A new batch of Google Street View imagery shows how deeply the Fukushima nuclear disaster has impacted Japan, even years after the catastrophe.
The Japanese government has just unveiled plans to decrease its dependence on nuclear energy and turn to something far less volatile: wind.
Scientists have recently discovered adding graphene oxide to water contaminated by radioactive material will make environmental clean up easier.
When the Fukushima nuclear disaster hit last year, many were surprised that Japan had to look to the U.S. for nuclear disaster-ready robots to aid in the stabilization of the plant. Hoping to avoid a similar embarrassment, Toshiba has unveiled a new robot specifically designed for work in nuclear emergencies.
Although some would have you believe that the worst is over in Japan regarding the Fukushima nuclear crisis, local residents remain concerned about the fragile power plant and the possibility of radiation contamination. To address this, Softbank has released the world's first radiation-detecting smartphone.
It's been nine months after the tsunami and earthquake destroyed the Fukushima nuclear power plant, and still no one knows how bad the radioactive contamination is. Radiation levels are expected to still be off the charts, and scientists at Fukushima University are planning to use wild monkeys to find out via specially outfitted collars.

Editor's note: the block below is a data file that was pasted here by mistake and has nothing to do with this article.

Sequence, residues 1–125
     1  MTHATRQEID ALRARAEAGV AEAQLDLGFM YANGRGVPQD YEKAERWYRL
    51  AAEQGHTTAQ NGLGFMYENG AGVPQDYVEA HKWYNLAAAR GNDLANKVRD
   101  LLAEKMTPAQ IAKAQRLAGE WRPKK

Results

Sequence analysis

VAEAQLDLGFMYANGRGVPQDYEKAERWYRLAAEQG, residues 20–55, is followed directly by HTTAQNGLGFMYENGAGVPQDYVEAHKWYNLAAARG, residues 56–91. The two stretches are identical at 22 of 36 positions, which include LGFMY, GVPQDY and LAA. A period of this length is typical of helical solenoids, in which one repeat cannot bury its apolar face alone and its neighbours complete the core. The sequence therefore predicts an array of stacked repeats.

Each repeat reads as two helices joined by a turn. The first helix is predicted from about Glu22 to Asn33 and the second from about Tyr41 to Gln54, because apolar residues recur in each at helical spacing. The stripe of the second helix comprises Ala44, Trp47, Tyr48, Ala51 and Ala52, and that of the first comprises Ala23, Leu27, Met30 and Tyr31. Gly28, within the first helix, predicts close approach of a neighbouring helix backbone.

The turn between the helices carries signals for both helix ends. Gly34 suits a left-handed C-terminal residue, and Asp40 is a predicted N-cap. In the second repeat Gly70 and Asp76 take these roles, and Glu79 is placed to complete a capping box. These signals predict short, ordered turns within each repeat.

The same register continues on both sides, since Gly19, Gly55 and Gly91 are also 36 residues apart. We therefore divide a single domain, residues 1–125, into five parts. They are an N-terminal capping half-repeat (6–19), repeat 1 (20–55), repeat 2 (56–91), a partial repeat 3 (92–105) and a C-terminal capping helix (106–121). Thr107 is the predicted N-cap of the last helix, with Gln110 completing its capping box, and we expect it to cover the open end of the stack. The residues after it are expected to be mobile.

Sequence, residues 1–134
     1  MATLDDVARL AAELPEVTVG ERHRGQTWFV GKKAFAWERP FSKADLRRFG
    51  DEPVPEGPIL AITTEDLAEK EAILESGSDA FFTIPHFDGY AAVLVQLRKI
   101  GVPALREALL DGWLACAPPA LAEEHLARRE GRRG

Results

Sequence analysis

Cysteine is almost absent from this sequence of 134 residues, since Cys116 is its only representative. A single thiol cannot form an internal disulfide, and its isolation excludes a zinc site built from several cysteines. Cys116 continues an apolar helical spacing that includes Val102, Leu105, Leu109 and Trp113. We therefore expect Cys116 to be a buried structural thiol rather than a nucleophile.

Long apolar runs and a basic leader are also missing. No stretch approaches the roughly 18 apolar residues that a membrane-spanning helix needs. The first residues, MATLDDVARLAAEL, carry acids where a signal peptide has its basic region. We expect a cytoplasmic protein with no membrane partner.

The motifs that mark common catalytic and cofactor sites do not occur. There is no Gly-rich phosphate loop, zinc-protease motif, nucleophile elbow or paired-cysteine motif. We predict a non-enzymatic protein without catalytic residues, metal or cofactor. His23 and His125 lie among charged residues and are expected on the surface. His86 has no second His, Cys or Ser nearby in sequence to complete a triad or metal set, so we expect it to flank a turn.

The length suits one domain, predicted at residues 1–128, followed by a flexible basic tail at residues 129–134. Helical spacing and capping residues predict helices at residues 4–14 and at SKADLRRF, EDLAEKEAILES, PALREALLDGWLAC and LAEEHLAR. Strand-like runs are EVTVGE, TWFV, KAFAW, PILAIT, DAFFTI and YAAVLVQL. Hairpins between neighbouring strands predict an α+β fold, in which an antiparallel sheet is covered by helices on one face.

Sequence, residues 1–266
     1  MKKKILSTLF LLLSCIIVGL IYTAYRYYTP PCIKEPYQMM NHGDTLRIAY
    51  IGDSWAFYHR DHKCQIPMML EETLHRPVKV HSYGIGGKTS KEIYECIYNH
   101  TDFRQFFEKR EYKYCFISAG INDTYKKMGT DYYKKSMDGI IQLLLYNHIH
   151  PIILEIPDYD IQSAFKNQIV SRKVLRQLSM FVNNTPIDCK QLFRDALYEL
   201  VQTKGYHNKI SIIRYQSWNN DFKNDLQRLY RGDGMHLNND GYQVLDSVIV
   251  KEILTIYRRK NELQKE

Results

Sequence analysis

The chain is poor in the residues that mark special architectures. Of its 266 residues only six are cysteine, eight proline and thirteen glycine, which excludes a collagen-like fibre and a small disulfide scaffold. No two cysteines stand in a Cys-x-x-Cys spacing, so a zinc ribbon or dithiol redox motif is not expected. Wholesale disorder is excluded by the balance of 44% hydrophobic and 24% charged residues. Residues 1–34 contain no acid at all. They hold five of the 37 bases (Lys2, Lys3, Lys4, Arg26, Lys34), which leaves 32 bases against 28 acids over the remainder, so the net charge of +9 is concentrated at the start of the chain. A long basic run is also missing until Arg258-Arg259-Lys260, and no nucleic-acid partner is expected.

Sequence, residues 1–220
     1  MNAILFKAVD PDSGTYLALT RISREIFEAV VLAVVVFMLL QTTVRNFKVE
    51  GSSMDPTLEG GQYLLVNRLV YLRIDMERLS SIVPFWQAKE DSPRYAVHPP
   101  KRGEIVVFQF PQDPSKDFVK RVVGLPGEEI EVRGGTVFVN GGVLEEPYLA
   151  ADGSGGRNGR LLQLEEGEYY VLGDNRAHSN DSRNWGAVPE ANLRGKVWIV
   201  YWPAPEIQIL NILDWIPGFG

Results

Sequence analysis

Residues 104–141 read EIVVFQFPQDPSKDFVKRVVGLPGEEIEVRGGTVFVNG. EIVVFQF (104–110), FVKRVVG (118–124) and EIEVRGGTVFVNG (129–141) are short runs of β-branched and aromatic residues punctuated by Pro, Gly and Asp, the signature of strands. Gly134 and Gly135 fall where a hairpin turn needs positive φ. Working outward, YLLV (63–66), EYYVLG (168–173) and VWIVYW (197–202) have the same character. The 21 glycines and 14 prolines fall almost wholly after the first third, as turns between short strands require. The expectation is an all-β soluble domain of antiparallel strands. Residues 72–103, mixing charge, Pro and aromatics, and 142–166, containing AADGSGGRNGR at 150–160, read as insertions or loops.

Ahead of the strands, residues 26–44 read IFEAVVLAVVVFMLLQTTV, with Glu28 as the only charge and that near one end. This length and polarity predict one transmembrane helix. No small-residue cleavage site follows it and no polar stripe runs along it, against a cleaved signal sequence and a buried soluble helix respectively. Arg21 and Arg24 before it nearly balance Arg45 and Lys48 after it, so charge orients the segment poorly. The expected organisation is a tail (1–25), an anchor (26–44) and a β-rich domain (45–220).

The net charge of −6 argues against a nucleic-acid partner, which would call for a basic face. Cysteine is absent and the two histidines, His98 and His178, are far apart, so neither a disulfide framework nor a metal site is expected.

It was just last week that we showed you what a post-nuclear accident Tokyo commute might look like. Well now Japan's biggest phone company, Docomo, has unveiled a disturbingly practical new device: a smartphone accessory to help you measure radiation.
The anti-nuclear energy protests in post-Fukushima Tokyo have increased in size and frequency, indicating the society's new attitude toward the energy source. One indie director decided to reflect this trend with his own take on what a post-apocalyptic Tokyo commute might look like.
Facing increased pressure to find a new energy solution in the wake of the Fukushima nuclear crisis, the Tokyo government has announced plans to deploy what could be the world's first national solar array.
Worried about eating radioactive food from Fukushima? Today's your lucky day because Nils Ferber has a really useful concept for you. Meet the Fukushima Plate — a special plate with a radioactive meter and OLEDs that tell you just how safe your food is for eating.